Shape-shifting pillow puts stop to kin’s snoring
Like so many riverboat casinos that drop permanent anchor off the Mighty Mississippi (or its nearby tributaries), the best one in my hometown basically serves as an outpatient nursing home.
There's an array of scheduled activities, raffles and giveaways; a comped buffet filled with easy-to-chew food; an army of highly trained, uniformed personnel who treat you with professional courtesy (even if you don't deserve it); free liquid meds handed out in constant intervals; cliques of chatty regulars who know as much about the new doughnut shop being built on Level 2 as they do about their own grandchildren.
Yet riverboat casinos aren't shackled by all the healthy, pace-yourself limits of actual assisted-living facilities (like curfews or doors that lock from the outside). But then, why would anyone want to leave?
Well, getting some sleep every 48 hours or so might be nice, a subject I broached more than once on a recent trip home to visit those who share my DNA as they camped out by the penny slots -- to no avail.
To be fair, you really can't blame them for not wanting to leave -- if you feel certain a $1.49 million progressive jackpot is just one max bet away, it's hard to call it a night, even when you're too tired to notice that night became day seven hours ago.
The problem: Once the sleep debt of everyone in my bloodline gets as dire as our credit debt and we finally go home to crash, we snore, comically. And once crammed into the same tiny house during family reunions, Big Bro, Big Sis and Mom put on standing-room-only performances -- I call them the Sleep Apnea Trio.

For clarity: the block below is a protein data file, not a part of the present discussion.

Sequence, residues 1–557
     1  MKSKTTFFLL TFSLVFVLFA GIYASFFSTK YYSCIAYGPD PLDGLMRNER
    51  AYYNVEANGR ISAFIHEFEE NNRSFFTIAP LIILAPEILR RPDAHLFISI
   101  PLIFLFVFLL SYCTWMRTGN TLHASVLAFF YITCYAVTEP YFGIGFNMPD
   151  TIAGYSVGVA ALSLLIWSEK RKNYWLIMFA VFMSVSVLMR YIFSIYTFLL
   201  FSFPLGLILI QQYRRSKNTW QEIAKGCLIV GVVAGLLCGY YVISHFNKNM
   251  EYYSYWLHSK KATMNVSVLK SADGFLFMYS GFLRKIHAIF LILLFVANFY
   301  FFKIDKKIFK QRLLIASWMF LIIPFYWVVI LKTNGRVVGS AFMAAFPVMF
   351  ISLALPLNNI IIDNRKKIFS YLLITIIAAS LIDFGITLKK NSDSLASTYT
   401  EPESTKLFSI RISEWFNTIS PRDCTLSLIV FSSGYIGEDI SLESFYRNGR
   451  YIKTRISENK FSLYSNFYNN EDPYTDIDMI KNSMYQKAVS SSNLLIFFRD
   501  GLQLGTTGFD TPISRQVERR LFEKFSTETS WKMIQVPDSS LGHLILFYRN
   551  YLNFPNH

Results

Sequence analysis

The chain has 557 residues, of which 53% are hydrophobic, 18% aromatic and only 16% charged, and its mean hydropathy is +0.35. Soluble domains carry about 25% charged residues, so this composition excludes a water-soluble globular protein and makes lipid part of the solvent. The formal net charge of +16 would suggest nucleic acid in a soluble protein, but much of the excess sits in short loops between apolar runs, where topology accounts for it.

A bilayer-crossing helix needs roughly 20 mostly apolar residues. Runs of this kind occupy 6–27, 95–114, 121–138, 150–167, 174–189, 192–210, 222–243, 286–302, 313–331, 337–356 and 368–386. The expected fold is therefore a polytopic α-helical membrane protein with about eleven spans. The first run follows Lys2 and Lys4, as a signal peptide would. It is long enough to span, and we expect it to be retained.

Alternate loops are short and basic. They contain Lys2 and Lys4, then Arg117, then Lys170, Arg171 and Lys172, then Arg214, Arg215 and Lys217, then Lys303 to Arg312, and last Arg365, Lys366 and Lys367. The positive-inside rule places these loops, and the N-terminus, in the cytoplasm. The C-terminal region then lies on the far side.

Unaccustomed as I've become to their aberrant sounds of nature (because I married up to a normal human), I sit up all night when I visit them, unable to appreciate their three-part disharmony and resentful that I can't at least turn it into a quartet.
Which is why I read with bleary-eyed interest a report from Reuters news service last week about the cutting-edge work of a German scientist.
Professor Baryoush Bazargani has invented a high-tech pillow that silences nighttime nasal noise. His prototype head cushion connects to a bedside computer that monitors snoring sounds and then reshapes the pillow as you sleep until your head moves to a "quieter position."
I'd love to put the professor's new toy to the test, because in my brother's case in particular, I truly believe that a quieter position would be a Super 8 Hotel off Interstate 20.
Still, Bazargani hinted that several U.S. manufacturers have expressed interest in his invention, so of course I added his name to my Google Alerts so I'll get the latest updates on his pillow's progress.
Hopefully, I'll be able to help Bazargani get rich soon. Otherwise, on my next trip home I'll have to find more tranquil accommodations.
Perhaps the casino will let me set up a cot over by the 25-cent Wheels of Fortune.